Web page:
It has been necessary to take some legal measures concerning the arrangements on processing and protection of the personal data, in particular health data, in order to eliminate the adverse impacts of coronavirus (COVID – 19) both on the commercial enterprises and individuals in Turkey. In this context, an announcement was made by the Personal Data Protection Authority on March 27, 2020 under the title “Necessary Information During the Struggle Against Covid-19 Within the Scope of the Law on the Protection of Personal Data”.
This article aims to provide information concerning the frequently asked questions related to the conduct of the data processing activities in accordance with the Law on the Protection of Personal Data and the announcement issued by the Personal Data Protection Authority due to the Coronavirus (Covid-19) pandemic.
1) Does the employer have a specific disclosure requirement in the context of the special measures taken with respect to COVID-19?
Pursuant to Article 10 of the Law on the Protection of Personal Data No. 6698 (“KVKK”), each of the data controllers is in charge of providing information about the data processing activities at the time of obtaining the personal data. The scope of this disclosure requirement is determined by the provisions of the above-mentioned article and the responsibility of the employers to illuminate their employees under the Law on the Protection of Personal Data continues if the implementation of the additional measures taken by the employer for the purpose of the prevention of the dissemination of the Coronavirus (COVID-19) pandemic requires the processing of the personal data (including the details of the travels in the past or COVID-19 test results).
2) Is the employer allowed to process the health data of the employees (including fever and general medical examination details)?
If the health data are to be processed by the employers, explicit consent of the employees must be obtained in addition to the disclosure requirement of the data controller due to the fact that health data are defined as special personal data pursuant to Article 6 of KVKK. For that reason, employers are required to obtain the explicit consent of their employees while processing COVID-19 related data belonging to their employees.
3) Does the processing of the health data by the workplace doctor create any difference in respect of explicit consent?
Although processing health data by the employer requires explicit consent, health data can be also processed by those under confidentiality obligation without obtaining any explicit consent of the owner of the health data in accordance with the purposes specified in the relevant legislation including the protection of public health, the conduct of services like preventive medicine, medical diagnosis, treatment and medical care. If practices requiring the processing of health data in that direction are carried out by the employer through the workplace doctor, the employer only needs to consider the respective disclosure issues. In this context, the explicit consent of the employees will not be necessary.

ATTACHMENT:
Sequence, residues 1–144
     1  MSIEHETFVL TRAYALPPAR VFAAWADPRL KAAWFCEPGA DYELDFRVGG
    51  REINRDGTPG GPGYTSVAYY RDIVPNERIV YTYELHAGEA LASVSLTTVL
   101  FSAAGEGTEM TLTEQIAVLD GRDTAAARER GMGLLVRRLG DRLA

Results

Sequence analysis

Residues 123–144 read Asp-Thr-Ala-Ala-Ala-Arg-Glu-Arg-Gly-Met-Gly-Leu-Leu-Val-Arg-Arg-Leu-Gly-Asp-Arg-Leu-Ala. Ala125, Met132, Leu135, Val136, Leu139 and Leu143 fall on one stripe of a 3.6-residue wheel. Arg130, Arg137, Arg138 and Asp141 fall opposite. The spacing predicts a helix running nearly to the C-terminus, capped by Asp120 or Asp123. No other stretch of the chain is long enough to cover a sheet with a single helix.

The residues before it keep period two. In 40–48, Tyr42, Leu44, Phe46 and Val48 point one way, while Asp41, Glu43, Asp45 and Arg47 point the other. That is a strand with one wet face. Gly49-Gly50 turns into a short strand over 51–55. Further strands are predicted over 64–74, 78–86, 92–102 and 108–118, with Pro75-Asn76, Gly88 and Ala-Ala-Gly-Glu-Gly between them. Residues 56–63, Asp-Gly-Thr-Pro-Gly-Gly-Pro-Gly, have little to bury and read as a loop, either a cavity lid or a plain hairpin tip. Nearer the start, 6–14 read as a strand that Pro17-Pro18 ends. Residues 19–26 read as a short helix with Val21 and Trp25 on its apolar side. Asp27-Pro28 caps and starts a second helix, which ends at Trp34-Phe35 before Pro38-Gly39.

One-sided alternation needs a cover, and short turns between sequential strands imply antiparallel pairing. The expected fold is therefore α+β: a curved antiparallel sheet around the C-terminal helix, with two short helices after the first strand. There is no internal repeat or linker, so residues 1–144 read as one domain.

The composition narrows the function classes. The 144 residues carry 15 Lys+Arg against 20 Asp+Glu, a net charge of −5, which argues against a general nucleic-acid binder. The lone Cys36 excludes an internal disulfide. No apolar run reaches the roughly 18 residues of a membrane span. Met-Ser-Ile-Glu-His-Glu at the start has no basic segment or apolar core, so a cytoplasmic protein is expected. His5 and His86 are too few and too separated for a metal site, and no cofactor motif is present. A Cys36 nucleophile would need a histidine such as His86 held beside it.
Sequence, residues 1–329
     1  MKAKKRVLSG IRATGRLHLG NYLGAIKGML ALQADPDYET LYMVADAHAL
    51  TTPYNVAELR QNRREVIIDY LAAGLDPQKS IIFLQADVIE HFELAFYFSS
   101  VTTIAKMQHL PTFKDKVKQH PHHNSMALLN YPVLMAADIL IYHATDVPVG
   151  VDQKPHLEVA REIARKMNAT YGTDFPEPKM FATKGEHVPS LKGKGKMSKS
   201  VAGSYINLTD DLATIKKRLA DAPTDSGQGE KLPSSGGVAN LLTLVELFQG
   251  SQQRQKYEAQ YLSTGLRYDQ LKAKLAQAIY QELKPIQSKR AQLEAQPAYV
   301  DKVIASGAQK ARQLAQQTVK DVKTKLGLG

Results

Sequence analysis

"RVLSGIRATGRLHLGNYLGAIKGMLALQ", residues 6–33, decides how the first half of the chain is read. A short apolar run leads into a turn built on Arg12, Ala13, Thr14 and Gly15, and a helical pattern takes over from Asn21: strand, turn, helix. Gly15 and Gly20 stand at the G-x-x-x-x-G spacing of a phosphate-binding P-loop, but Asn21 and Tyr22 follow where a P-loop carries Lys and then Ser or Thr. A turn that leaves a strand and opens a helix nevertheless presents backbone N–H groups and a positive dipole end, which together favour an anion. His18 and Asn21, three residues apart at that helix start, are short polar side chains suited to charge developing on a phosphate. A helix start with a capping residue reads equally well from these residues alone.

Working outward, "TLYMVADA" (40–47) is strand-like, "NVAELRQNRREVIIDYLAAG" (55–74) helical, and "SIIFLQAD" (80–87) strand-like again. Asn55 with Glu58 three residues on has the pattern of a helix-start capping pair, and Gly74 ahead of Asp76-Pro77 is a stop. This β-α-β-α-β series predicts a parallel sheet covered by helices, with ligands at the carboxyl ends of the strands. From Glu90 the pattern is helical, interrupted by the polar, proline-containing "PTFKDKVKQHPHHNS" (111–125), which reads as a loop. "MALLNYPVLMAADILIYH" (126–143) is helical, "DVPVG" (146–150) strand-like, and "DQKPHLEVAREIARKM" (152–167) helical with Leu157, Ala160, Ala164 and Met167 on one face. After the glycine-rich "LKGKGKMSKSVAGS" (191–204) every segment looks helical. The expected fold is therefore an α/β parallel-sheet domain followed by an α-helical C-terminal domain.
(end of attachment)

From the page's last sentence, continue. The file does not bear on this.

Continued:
4) Is the employee with COVID-19 symptoms required to inform the workplace doctor of this situation?
Pursuant to Article 19/1 of the Law on Occupational Health and Safety, employees are not allowed to risk the health and safety of themselves and other employees affected by their actions and work performances. In that case, the employer must provide necessary information and warning to the employees that they must immediately apply to the workplace doctor if it is determined that they exhibit any of the symptoms of COVID-19.
5) Is the employer allowed to request from the relevant persons the data about their travels in the past?
The information on the recent travels is considered within the scope of the personal data pursuant to the Law on the Protection of Personal Data No. 6698. Although under normal conditions the processing of personal data requires the explicit consent of its owner, the announcement of the Personal Data Protection Authority has clarified that such information is subject to Article 5 of the Law on the Protection of Personal Data and that the information about the countries to which the relevant persons have recently travelled may not be considered a special personal data based on its ruling that “It goes without saying that, during this process some of the data processed may not be special personal data (for example information on the last country to which the person has traveled). In those cases, the conditions of processing personal data specified by Article 5 must be taken into consideration”. In conclusion, provided that the employer is certain that it has fulfilled the disclosure requirement, it can ask questions to the relevant persons about their travels in the recent past.